Mondaq (and its affiliate sites) do not sell or provide your details to third parties other than information providers. The reason we provide our information providers with this information is so that they can measure the response their articles are receiving and provide you with information about their products and services.

If you do not want us to provide your name and email address you may opt out by clicking here .

If you do not wish to receive any future announcements of products and services offered by Mondaq by clicking here .

Information Collection and Use

We require site users to register with Mondaq (and its affiliate sites) to view the free information on the site. We also collect information from our users at several different points on the websites: this is so that we can customise the sites according to individual usage, provide 'session-aware' functionality, and ensure that content is acquired and developed appropriately. This gives us an overall picture of our user profiles, which in turn shows to our Editorial Contributors the type of person they are reaching by posting articles on Mondaq (and its affiliate sites) – meaning more free content for registered users.

We are only able to provide the material on the Mondaq (and its affiliate sites) site free to site visitors because we can pass on information about the pages that users are viewing and the personal information users provide to us (e.g. email addresses) to reputable contributing firms such as law firms who author those pages. We do not sell or rent information to anyone else other than the authors of those pages, who may change from time to time. Should you wish us not to disclose your details to any of these parties, please tick the box above or tick the box marked "Opt out of Registration Information Disclosure" on the Your Profile page. We and our author organisations may only contact you via email or other means if you allow us to do so. Users can opt out of contact when they register on the site, or send an email to unsubscribe@mondaq.com with “no disclosure” in the subject heading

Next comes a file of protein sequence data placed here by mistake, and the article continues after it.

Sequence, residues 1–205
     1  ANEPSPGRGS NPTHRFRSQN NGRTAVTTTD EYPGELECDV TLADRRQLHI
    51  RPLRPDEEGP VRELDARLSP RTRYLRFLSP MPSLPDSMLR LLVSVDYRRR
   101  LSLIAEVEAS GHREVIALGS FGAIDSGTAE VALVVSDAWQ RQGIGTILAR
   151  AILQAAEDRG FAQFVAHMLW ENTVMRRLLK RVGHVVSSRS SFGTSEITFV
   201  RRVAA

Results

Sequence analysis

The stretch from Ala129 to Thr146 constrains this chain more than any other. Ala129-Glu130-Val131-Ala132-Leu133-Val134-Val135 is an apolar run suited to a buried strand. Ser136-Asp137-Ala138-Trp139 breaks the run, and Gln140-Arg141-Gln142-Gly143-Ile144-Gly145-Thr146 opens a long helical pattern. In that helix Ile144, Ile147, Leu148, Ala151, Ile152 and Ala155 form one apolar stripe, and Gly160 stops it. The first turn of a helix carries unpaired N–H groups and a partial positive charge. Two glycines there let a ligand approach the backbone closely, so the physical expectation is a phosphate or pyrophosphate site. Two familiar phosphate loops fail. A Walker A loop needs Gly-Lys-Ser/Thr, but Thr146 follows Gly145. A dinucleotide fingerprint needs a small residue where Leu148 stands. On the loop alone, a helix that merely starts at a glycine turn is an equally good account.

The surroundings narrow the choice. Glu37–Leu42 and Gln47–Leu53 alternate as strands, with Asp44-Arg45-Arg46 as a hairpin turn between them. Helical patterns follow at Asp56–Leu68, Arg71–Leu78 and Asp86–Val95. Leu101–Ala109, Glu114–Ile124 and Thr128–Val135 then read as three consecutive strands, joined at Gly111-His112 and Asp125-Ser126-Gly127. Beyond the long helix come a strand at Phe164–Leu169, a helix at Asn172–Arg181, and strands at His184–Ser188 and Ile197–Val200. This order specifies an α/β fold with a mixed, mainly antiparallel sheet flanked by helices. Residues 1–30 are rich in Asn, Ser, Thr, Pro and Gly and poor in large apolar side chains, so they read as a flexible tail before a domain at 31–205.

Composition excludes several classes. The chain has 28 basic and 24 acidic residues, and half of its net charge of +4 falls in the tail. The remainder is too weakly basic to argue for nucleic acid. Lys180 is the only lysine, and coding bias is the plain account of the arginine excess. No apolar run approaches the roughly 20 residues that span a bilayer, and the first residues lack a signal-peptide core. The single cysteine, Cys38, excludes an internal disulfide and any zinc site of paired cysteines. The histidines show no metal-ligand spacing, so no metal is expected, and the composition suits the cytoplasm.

Mondaq News Alerts

In order to receive Mondaq News Alerts, users have to complete a separate registration form. This is a personalised service where users choose regions and topics of interest and we send it only to those users who have requested it. Users can stop receiving these Alerts by going to the Mondaq News Alerts page and deselecting all interest areas. In the same way users can amend their personal preferences to add or remove subject areas.

Cookies

A cookie is a small text file written to a user’s hard drive that contains an identifying user number. The cookies do not contain any personal information about users. We use the cookie so users do not have to log in every time they use the service and the cookie will automatically expire if you do not visit the Mondaq website (or its affiliate sites) for 12 months. We also use the cookie to personalise a user's experience of the site (for example to show information specific to a user's region). As the Mondaq sites are fully personalised and cookies are essential to its core technology the site will function unpredictably with browsers that do not support cookies - or where cookies are disabled (in these circumstances we advise you to attempt to locate the information you require elsewhere on the web). However if you are concerned about the presence of a Mondaq cookie on your machine you can also choose to expire the cookie immediately (remove it) by selecting the 'Log Off' menu option as the last thing you do when you use the site.